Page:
Answer by Bob Ackerman: Venture capital is a club, a tight little club, organized around managing risk. As a VC, I want to invest with people I’ve invested with in the past, because I know how they’re going to be there when times are good and when times are tough. We syndicate. We share information. I’ve got everybody calibrated.
But a corporation is different. The corporation walks in and says, ‘Hi, I’m from a big global company. Perhaps you’ve heard of us. We operate in 110 companies around the world. We have 140,000 employees. We have a market cap of $42 billion. And we’re inviting ourselves to your party.”
The polite venture capital response to them is, “Fantastic, let’s find things we can collaborate on.” But what the venture capitalist is actually thinking is ‘Okay, what can I sell to this guy? How do I pull money out of his pockets and use it for whatever I need to get it into?”
Lee: So what should he say instead?
Ackerman: The more truthful kind of response would be, “Who cares that you’re a big global company, because you may be here today, but you’re going to be gone tomorrow. You’re reassuring me of your commitment, but you’re corporate direction is going to change. You’re not a long term player. And so you’re going to be a tool of convenience for me in my ecosystem.” …
The history of corporate venturing, with few exceptions, has born that out. They get in, and they get out. Every two years, you’ll have new people in place. You’ll have changes in strategic direction. Corporate priorities will ebb and flow. When the markets get competitive, the top corporate guys look at the venture program – which is usually generating losses – they say ‘Who got us into this? Fire him. Get us out of it.” They forget everything they learned. But five years later, they’ll decide to start all over again.
Lee: So why should companies bother with Silicon Valley in the first place?
Ackerman: When you’re seeing the future for the first time, there’s a leap of faith required. As venture capitalists in Silicon Valley, we’re in the business of inventing the future. Yet that’s very difficult to do, and that’s why venture capitalists sometimes have a herd mentality, like, “If one of those is good and successful, we need 400 of them.” But it’s the guy who does it the first time, who sees it for the first time, who has the conviction to pursue that vision and organize people around him – how rare that type of person really is.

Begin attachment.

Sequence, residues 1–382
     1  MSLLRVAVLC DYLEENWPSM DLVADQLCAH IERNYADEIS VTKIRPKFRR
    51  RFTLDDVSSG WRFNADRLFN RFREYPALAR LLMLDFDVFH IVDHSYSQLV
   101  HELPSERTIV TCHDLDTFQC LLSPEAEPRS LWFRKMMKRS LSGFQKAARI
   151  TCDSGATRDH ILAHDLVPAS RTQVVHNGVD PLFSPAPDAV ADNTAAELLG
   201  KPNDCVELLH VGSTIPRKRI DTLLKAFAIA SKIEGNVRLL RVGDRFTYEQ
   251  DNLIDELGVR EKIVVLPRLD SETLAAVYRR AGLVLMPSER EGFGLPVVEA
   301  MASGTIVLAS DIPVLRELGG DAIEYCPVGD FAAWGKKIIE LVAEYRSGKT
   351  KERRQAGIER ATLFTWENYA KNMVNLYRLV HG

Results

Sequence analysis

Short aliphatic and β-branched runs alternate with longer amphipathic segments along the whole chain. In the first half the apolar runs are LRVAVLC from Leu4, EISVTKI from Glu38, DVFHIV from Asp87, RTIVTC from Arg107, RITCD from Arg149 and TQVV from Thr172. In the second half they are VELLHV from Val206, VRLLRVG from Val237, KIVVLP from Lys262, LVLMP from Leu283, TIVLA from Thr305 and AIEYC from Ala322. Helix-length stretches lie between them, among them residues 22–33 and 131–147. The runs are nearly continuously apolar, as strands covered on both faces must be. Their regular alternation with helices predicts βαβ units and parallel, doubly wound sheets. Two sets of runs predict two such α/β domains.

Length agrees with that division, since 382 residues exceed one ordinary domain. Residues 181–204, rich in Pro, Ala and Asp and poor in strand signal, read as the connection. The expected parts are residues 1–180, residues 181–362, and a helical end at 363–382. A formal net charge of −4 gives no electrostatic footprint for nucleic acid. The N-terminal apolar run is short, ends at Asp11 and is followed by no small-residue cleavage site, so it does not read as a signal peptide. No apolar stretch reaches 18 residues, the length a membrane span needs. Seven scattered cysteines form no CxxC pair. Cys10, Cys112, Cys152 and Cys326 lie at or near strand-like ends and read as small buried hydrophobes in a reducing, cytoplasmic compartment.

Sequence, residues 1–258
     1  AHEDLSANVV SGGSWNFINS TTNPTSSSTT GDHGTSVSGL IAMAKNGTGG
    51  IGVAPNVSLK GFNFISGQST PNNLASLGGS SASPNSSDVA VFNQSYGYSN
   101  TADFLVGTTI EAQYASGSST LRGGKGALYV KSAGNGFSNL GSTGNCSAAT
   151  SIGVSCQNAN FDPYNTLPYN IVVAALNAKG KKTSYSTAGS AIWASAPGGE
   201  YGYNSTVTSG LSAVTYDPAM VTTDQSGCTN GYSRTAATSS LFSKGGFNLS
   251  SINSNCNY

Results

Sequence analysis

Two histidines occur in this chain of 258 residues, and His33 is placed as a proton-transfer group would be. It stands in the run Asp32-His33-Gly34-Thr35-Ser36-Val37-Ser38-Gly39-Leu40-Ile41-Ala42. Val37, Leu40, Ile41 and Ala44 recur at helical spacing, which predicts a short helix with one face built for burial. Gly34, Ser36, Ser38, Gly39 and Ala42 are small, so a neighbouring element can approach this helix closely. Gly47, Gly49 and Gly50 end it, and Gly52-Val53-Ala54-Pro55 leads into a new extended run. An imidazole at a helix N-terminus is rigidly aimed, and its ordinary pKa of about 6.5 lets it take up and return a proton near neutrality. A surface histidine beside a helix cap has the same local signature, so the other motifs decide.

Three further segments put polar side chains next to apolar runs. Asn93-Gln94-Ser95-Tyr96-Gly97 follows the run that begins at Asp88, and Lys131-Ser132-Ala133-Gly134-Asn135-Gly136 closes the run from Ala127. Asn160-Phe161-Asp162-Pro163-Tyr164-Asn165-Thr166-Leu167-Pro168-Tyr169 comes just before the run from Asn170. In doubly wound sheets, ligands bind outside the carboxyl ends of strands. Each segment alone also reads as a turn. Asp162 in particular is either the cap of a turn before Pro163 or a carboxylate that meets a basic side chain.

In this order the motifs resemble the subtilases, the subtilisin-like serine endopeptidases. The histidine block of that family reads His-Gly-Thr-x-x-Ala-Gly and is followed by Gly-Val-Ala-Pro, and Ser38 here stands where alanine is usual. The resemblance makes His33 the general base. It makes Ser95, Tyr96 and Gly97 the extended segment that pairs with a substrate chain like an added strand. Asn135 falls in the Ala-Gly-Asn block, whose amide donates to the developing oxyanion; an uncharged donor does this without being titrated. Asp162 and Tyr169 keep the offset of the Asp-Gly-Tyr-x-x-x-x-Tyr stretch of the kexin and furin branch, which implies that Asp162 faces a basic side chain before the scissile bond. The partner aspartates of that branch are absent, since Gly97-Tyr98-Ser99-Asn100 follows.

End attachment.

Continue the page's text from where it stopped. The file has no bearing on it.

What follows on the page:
Lee: The take-aways?
Ackerman:Companies who think they can use occasional venture investments to gain access to Silicon Valley research will be greeted with open arms. Then, the trouble will begin. They should keep an eye on their wallets.
Another session at Allegis Capital’s recent Limited Partners meeting focused on how venture-backed startup CEOs should view their board meetings. CEO consultant Darlene Mann offered some helpful tips to our portfolio entrepreneurs. Darlene is a startup CEO advisor, former CEO from startup Siperian, and a former general partner at Onset Ventures. I have known Darlene for years and her packed presentation reflected the interest in the topic. (more…)
With venture capital increasingly difficult to come by as the industry faces consolidation and its own fund raising challenges, entrepreneurs are looking to any and all potential sources of investment capital with which to build their businesses. Turning to “angel investors” for seed capital is just one example of this “any port in a storm” mentality. Corporate investors, once again focusing their attention to the start-up domain, represent another potential source of growth capital and perhaps more important, strategic partnerships.
The case for start-up/corporate collaboration is clearly compelling. Start-ups are renowned for their creativity and efficient innovation models, but are often challenged in bringing their products and services to markets where they have no established brand identity and little if any distribution or customer support infrastructure. Building these elements of business infrastructure are expensive, time consuming and fraught with significant levels of implementation risk. Corporate investors on the other hand have established distribution channels, recognized brands and trusted customer relationships. What they often lack is a culture of innovation that can keep pace with markets that are evolving at the speed of the Internet’s growth. By combining the strengths of the start-up and the corporate partner – the potential for synergies can be seductive. (more…)